Tech News Signup
Member Login
Tech News Roundup
Go Back
05/24/2017

Key Issues

Broadband/Communications

FCC releases proposal to gut net neutrality rules. The Federal Communications Commission on Tuesday published the text of its proposal to roll back the agency's net neutrality rules, allowing the public to comment on the new plan. (CNET)

Cybersecurity
More Evidence Points to North Korea in Ransomware Attack. More evidence emerged Monday that North Korean hackers were behind the global ransomware attack that still holds hundreds of thousands of computers hostage. (New York Times)
In a budget of cuts, cyber funding gets a boost. President Donald Trump's first full budget boasts of its major investments in cybersecurity tools for the military, FBI and Homeland Security Department. (Politico Pro)

Top hacker conference to target voting machines. Hackers will target American voting machines-as a public service, to prove how vulnerable they are. (Politico)

Public Sector

Trump budget pushes IT modernization. It's barely a rounding error in President Donald Trump's $4.1 trillion federal budget proposal unveiled on May 23, but there is $228 million set aside for an IT modernization fund to be housed at the General Services Administration. (FCW)
Budget seeks $2.6 billion for border wall and supporting tech. President Donald Trump's budget request for the Department of Homeland Security won't cover a promised wall along the entire U.S.-Mexico border, but it beefs up border security with other kinds of technology. (FCW)

Pay, benefits and workforce reductions in the President's 2018 budget proposal. President Donald Trump wants to give civilian federal employees a 1.9 percent pay raise in 2018, according to his full budget proposal, which the White House released Tuesday. (Federal News Radio)

Trump nominates 30-year government veteran to be new OPM director. President Donald Trump finally has a long-awaited choice to fill a key position in the federal government that oversees everything from federal employee pay and benefit programs, recruitment and hiring efforts and even snow closure decisions. (Federal News Radio)

Artificial Intelligence

Google's AlphaGo Defeats Chinese Go Master in Win for A.I.. It isn't looking good for humanity. (New York Times)
'Like A God,' Google A.I. Beats Human Champ Of Notoriously Complex Go Game. In the first of three matches with the world's No. 1 Go player, a Google artificial intelligence program claimed victory Tuesday. (NPR)

Taxes

Mnuchin's critique of border adjustability gets more pointed. Treasury Secretary Steven Mnuchin took the unusual step Tuesday of openly criticizing the border adjustment provision that is a major pillar of the House Republican plan for comprehensive tax reform. (Politico Pro)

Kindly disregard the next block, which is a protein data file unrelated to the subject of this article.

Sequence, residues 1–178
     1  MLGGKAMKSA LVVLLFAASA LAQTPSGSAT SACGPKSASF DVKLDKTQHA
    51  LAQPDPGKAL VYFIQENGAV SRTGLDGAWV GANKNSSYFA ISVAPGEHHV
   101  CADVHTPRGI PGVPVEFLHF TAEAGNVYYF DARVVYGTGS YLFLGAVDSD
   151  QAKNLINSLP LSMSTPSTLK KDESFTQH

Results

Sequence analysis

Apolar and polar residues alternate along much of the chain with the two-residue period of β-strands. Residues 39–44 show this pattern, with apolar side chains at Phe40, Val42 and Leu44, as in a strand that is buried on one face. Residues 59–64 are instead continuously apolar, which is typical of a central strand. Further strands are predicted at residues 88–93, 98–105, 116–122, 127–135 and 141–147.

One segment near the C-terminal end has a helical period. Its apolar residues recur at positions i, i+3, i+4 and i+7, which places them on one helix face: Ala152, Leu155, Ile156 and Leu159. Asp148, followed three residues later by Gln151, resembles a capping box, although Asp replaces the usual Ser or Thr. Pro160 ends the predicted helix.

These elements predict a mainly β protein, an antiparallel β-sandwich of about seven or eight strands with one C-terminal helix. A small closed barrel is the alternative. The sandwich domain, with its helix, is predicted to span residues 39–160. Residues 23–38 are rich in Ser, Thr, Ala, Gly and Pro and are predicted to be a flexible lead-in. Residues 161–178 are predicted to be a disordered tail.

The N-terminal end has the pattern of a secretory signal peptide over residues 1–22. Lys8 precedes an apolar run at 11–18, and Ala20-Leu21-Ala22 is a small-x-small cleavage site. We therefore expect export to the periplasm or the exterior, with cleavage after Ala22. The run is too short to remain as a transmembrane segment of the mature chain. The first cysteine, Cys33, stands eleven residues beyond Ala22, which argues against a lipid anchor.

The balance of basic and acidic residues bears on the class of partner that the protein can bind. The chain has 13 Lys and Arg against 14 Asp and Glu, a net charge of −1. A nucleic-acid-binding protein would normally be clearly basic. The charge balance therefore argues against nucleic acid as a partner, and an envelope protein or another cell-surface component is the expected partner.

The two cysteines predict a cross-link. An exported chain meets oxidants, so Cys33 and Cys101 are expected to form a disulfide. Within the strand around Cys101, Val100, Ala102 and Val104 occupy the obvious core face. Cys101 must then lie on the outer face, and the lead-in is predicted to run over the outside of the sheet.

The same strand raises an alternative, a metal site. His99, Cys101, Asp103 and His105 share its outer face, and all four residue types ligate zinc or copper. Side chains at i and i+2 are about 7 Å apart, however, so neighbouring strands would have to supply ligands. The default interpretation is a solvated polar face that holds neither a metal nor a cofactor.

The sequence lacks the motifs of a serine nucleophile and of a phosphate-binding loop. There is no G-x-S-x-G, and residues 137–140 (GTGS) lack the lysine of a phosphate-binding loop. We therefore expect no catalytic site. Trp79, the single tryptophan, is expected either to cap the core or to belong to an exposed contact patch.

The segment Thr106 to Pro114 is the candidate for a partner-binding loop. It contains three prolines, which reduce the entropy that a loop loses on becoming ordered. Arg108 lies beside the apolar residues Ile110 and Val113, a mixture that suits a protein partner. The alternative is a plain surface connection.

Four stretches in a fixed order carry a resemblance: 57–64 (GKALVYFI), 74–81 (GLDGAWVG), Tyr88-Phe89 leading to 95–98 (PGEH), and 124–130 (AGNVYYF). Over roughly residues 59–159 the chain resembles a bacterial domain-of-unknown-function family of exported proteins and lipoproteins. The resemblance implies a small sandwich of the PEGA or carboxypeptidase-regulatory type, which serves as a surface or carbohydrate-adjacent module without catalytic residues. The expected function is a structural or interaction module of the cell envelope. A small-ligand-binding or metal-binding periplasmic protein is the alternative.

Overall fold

Republican divide over border adjustment apparent at tax hearing. House Republican divisions over plans to create a "border adjustable" business tax were readily apparent Tuesday at their first congressional hearing on the proposal. (Politico Pro)

Conservatives could complicate major tax reform vote. Leaders of the House Freedom Caucus want to use a crucial floor vote on tax reform as leverage to tie the effort to welfare reform and expand the number of committees that would have a say on the issue. (Politico Pro)

Environment/Sustainability

Trump Budget Proposes Deep Cuts in Energy Innovation Programs. President Trump's budget proposal for 2018 envisions a flurry of changes to domestic energy policy, reaping billions of dollars in one-time revenue from oil and gas resources while cutting research into future energy technologies that could pay long-term dividends. (New York Times)

Trump budget drops climate aid. President Donald Trump's detailed budget released today offers no money for the Green Climate Fund, and proposes reducing other international environmental assistance. (Politico Pro)
Fighting Trump on Climate, California Becomes a Global Force. The environmental ministers of Canada and Mexico went to San Francisco last month to sign a global pact - drafted largely by California - to lower planet-warming greenhouse pollution. (New York Times)

Fuel economy rules would decouple "miles traveled" trend from "gas used" trend. If federal fuel economy rules aren't weakened, US drivers could consume 1.2 million fewer barrels of gasoline per day in 2025 than today. That's the projection of the Energy Information Administration (EIA), the energy statistics branch of the US Energy Department. (Ars Technica)

Trump budget makes heavy cuts to science research. President Trump's fiscal 2018 budget unveiled Tuesday proposes massive cuts for the National Science Foundation. (The Hill)

Privacy

Apple reports a spike in government national security requests. The US and other governments around the world needed a lot of help getting data from Apple devices last year. (Ars Technica)

Federal Court Revives Wikimedia's Challenge to N.S.A. Surveillance. A federal appeals court on Tuesday revived a high-profile challenge to the National Security Agency's warrantless surveillance of internet communications as they enter or exit the United States. (New York Times)

Appeals court decision keeps lawsuit against NSA surveillance alive. A federal appeals court on Tuesday reversed a lower court's decision to dismiss Wikimedia's lawsuit challenging the National Security Agency's (NSA) mass interception of Americans' international digital communications. (The Hill)

Internet of Things